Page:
The Colts are starting a fresh in 2018.
After a disastrous season in 2017 that saw franchise cornerstone Andrew Luck miss all 16 games, the changes have been widespread.
They've got a new coaching staff, a new defensive scheme, and are in the process of installing a new offense.
First year head coach Frank Reich will call the plays, but it's been OC Nick Sirriani that's been tasked with getting the players on board with the x's and o's.
And, Sirianni has been putting his players knowledge of the new scheme to the test in a refreshingly old school manner.
The former Chargers and Chiefs assistant is giving the players written tests to gauge how they're quickly they're learning the system he and Reich will be running in 2018.
It seems to be going down well too.
"I'm buying into what these coaches are bringing to the table," wide receiver Ryan Grant said. "In college, I had a couple of football tests, but with the Redskins we didn't really do paper tests. It was totally different and I like it. I like change. Whatever they need to do to help learn the offense I'm willing to do."
Grant signed as a free agent to bolster Indy's depleted receiving corps this offseason after spending his first four seasons as a pro in Washington, and said that the competitiveness of the tests amongst the players means he won't be 'flunking' any of them.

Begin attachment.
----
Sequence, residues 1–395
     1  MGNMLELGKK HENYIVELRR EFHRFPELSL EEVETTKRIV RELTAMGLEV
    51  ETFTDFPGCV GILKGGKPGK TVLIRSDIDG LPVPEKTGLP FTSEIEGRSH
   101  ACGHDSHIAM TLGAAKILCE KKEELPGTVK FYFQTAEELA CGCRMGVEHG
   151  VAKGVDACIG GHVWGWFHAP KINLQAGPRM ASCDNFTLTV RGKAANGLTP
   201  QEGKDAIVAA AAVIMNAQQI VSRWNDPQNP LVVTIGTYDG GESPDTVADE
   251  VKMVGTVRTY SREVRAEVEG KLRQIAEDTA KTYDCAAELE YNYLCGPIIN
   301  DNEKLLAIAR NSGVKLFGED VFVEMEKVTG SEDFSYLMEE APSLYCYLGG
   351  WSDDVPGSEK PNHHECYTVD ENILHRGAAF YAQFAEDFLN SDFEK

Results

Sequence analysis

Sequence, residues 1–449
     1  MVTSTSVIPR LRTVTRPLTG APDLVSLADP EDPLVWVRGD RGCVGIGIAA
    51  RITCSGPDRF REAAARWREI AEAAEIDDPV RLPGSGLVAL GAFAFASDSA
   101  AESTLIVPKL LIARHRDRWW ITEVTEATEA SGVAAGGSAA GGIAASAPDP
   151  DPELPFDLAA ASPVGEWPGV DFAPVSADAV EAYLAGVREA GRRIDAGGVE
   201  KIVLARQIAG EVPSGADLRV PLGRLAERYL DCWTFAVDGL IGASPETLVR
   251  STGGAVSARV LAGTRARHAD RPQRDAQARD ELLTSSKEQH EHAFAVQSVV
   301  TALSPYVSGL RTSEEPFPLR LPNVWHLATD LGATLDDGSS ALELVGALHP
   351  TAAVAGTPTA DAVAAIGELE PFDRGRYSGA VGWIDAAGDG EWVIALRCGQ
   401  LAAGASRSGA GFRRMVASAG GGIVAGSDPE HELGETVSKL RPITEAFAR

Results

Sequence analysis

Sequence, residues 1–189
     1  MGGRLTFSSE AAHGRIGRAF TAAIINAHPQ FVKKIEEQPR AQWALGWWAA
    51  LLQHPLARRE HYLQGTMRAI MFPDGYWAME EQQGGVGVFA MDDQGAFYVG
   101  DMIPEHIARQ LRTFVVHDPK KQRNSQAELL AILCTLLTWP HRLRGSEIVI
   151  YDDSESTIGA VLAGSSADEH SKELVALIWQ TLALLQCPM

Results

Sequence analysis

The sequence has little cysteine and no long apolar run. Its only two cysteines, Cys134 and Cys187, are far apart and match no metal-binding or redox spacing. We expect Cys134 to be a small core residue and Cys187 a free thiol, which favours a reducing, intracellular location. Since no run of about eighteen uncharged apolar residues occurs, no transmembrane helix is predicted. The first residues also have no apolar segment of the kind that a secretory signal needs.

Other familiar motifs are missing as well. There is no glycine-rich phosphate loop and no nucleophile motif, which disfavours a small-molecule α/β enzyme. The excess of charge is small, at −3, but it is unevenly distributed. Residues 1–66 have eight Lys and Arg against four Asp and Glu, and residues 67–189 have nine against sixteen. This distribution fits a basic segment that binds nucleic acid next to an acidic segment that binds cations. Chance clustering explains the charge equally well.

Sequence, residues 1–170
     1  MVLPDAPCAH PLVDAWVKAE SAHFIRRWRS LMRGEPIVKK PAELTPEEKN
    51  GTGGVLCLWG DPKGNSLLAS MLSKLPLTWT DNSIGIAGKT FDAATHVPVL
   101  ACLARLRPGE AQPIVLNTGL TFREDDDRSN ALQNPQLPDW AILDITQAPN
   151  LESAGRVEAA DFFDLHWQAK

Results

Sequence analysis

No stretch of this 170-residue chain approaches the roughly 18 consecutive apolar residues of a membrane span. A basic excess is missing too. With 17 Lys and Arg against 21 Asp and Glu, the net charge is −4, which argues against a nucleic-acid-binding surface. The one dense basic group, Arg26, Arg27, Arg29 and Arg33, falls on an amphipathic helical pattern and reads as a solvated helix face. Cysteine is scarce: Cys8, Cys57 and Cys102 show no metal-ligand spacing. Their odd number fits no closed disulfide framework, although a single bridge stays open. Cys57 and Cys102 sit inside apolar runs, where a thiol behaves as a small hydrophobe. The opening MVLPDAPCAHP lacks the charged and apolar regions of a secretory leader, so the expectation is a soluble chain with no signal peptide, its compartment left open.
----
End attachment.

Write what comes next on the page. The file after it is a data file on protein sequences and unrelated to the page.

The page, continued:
Third-year pro Chester Rodgers echoed Grant's feeling on the tests and also revealed that the new offense is getting the best out of the players.
"We're not handicapped in this offense," Rogers said, "and I feel like it's going to bring the best out of all our potential ... It's putting players in positions and groups that they're good at.
"[I got a] 96 and the craziest thing is, I missed the easiest one on the test," he said. "They post [the scores]. Everything is competitive. Behind the scenes [we joke about the scores]. We don't do it in front of everybody."
The coaches themselves see the tests as a way to promote learning as a competitive task.
"What I feel like it does, it forces them to study," Sirianni said. "[It] forces them to study even a little bit more than they would. They're prideful guys that want to be right. They want to look good in front of their peers. That's why they're in the positions that they're in. I've done that for a little [while] and always felt like it worked pretty well, so continued it here."
Reich also said that Sirianni has always been inclined to do things a little differently and that it really does get the best out of the players.
"I think every coach is a little bit like that, but Nick is probably to the extreme on that." the former Eagles OC said. "When we worked together in San Diego, he was the same way. I really like that about [Sirianni] because you're just being held accountable every day -- to your peers and to the coaching staff. And really, the whole goal of it is never to embarrass anyone, it's to create competition."
Everything seems to be on the up in Indy with the new regime, all they're waiting for now is the return of a healthy Andrew Luck to complete the transition.